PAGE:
Yesterday I caught a presentation by Adam Greenfield about the ethics of "ubiquitous computing" (the idea that the devices around us will know where they are, what they are, and who you are). This is a place where science fiction and real world policy are converging; for example, it's becoming harder and harder to ride the London Underground without carrying a radio-pollable card that could be used later to identify who you are and where you've been. American passports are getting RFID chips that can be read at a distance, and visitors to the US are likewise being told that they have to carry radio-readable "papers" at all times in the country, at a pilot program being run at two border-crossings.
The utility of radio-readable identifiers is undeniable. I've written stories about how people could use them to improve their quality of life; seniors' homes are incorporating them into the Alzheimer's ward, in Hong Kong, the contactless card has made public transit and other routine transactions into an act of graceful dance, where people gesture in a fluid motion at the turnstiles to present them with their "Octopus" cards.
Obviously, the supply-chain uses for these in retail and wholesale are many and interesting, as are the uses that arise after we bring stuff home — everyone's favorite example is the washing machine that won't let you mix colors and whites.
But there's an ethical dimension that needs to be considered in engineering radio-readable products. These products are potential privacy-bombs, capable of wreaking great havoc in our personal lives and the body-politic. They have the potential to be systems of control, rather than empowerment. As Mitch Kapor says, "Architecture is politics." The way we design these systems will effect the way we live our lives: in freedom or in tyranny.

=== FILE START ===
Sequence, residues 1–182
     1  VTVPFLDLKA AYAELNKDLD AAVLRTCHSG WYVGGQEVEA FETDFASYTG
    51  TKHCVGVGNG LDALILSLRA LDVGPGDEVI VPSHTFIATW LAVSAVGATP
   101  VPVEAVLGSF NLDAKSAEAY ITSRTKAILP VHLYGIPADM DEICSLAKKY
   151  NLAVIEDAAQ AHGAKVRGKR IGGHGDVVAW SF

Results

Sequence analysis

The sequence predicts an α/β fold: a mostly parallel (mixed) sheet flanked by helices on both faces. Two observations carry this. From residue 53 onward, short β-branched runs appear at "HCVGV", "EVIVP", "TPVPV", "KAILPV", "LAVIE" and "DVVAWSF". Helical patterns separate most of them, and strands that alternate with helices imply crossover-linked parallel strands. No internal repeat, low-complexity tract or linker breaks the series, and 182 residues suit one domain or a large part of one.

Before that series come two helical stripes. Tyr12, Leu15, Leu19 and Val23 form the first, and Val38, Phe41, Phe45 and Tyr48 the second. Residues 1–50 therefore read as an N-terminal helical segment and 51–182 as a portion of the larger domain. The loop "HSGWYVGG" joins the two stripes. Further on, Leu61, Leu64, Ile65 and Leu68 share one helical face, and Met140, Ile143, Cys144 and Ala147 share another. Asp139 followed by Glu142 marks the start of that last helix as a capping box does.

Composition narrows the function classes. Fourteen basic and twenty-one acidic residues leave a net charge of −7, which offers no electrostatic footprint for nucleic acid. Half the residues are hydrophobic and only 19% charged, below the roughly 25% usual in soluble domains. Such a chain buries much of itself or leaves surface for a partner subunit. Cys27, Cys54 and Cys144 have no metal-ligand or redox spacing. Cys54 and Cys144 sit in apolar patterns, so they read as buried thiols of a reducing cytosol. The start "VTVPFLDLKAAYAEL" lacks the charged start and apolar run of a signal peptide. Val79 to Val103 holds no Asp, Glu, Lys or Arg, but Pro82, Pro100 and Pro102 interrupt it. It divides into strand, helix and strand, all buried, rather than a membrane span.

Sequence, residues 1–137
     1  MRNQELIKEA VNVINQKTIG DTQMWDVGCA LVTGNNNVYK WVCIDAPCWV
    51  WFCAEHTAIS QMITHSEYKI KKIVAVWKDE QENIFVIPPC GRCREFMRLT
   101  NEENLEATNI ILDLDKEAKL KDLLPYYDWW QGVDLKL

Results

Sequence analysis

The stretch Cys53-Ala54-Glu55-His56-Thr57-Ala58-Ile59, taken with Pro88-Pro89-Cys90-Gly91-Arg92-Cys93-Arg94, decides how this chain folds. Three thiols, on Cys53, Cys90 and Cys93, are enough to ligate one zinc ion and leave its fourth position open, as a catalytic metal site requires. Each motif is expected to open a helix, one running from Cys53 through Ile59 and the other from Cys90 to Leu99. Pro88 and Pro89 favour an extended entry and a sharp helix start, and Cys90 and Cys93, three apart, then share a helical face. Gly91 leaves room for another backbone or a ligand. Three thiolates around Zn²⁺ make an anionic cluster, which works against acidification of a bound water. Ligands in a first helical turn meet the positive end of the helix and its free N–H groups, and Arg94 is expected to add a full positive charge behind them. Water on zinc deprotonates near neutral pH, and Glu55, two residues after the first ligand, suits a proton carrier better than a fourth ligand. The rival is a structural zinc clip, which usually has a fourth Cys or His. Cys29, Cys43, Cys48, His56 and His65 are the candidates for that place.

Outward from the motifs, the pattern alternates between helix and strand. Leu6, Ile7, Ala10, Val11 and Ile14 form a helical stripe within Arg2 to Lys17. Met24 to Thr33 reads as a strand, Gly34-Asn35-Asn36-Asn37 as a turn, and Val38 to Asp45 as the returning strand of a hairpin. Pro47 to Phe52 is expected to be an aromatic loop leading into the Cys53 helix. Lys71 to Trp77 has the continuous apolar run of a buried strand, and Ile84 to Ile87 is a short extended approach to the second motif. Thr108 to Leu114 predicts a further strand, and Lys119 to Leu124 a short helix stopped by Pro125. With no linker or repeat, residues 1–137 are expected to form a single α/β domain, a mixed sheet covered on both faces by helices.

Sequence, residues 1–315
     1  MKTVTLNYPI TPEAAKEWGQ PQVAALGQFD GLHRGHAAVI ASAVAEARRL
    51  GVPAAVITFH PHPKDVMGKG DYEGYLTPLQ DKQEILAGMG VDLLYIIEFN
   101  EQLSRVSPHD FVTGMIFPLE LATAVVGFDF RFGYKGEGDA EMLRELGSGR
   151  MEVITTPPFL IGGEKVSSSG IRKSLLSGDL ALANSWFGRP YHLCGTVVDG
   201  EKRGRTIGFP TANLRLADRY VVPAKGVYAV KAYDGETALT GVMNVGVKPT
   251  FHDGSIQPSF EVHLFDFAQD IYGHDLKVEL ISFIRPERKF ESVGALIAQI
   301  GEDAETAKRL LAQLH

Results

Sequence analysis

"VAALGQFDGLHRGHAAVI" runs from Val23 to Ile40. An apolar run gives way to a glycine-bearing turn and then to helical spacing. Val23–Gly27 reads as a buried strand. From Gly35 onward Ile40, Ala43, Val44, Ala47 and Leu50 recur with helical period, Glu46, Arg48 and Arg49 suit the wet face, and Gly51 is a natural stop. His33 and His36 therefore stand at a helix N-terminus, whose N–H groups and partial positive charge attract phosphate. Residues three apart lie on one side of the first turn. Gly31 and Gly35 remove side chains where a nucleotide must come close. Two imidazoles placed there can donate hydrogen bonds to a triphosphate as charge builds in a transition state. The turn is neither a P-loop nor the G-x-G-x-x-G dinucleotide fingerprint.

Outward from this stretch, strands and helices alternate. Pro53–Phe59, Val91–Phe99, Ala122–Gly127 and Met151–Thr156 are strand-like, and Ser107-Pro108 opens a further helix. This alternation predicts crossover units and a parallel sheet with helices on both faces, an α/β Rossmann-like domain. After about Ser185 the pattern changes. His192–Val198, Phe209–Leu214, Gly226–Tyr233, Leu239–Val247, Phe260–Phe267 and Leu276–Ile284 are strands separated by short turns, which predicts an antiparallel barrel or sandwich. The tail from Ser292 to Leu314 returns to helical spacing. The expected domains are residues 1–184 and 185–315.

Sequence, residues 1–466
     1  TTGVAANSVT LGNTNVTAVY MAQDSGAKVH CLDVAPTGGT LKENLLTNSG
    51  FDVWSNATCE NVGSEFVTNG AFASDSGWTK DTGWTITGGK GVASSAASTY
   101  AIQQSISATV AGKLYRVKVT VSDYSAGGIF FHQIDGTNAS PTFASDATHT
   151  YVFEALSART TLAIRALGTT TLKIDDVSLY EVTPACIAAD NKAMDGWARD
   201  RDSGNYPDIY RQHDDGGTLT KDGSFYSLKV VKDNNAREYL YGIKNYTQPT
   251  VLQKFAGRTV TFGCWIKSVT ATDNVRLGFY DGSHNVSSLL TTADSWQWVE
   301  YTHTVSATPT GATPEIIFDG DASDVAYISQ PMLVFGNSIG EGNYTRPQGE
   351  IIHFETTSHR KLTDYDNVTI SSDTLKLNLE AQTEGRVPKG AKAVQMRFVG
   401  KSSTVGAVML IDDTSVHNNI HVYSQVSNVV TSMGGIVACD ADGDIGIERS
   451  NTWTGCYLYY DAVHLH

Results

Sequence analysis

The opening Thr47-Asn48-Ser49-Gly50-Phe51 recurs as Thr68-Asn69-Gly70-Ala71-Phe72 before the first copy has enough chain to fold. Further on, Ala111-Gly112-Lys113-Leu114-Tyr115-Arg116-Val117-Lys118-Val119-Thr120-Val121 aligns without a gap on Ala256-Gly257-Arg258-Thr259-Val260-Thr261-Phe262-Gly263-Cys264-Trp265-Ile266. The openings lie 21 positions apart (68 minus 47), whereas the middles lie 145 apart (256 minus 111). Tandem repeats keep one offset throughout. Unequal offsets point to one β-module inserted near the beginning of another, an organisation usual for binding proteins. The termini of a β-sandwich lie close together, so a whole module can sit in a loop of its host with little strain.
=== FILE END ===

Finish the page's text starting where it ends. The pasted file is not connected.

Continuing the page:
Greenfield has a recent book out on the subject, called Everyware, which attacks the promise and peril of ubicomp at great length and in depth. He surveys the ways in which RFIDs are being used today, the good and the bad, looks at the research that's being done for the next generation, and tackles these thorny ethical questions. (introduction, conclusion)
Here's an article that Greenfield wrote on the subject of ubicomp ethics, called "All watched over by machines of loving grace: Some ethical guidelines for user experience in ubiquitous-computing settings." It give you a good flavor for the talk I heard yesterday — it's fascinating and thought-provoking.
Principle 1. Default to harmlessness. Ubiquitous systems must default to a mode that ensures their users' (physical, psychic and financial) safety.
We are familiar with the notion of "graceful degradation," the ideal that if a system fails, if at all possible it should fail gently in preference to catastrophically, with functionality being lost progressively rather than all at once.
Given the assumption of responsibility for users and their environments implied by the ubicomp rubric, such systems must take measures that go well beyond mere graceful degradation.
Slaved passenger vehicles, dosage settings for pharmaceutical-delivery systems, controls for sealed or denied environments are examples of situations where redundant interlocks must be provided to ensure user safety.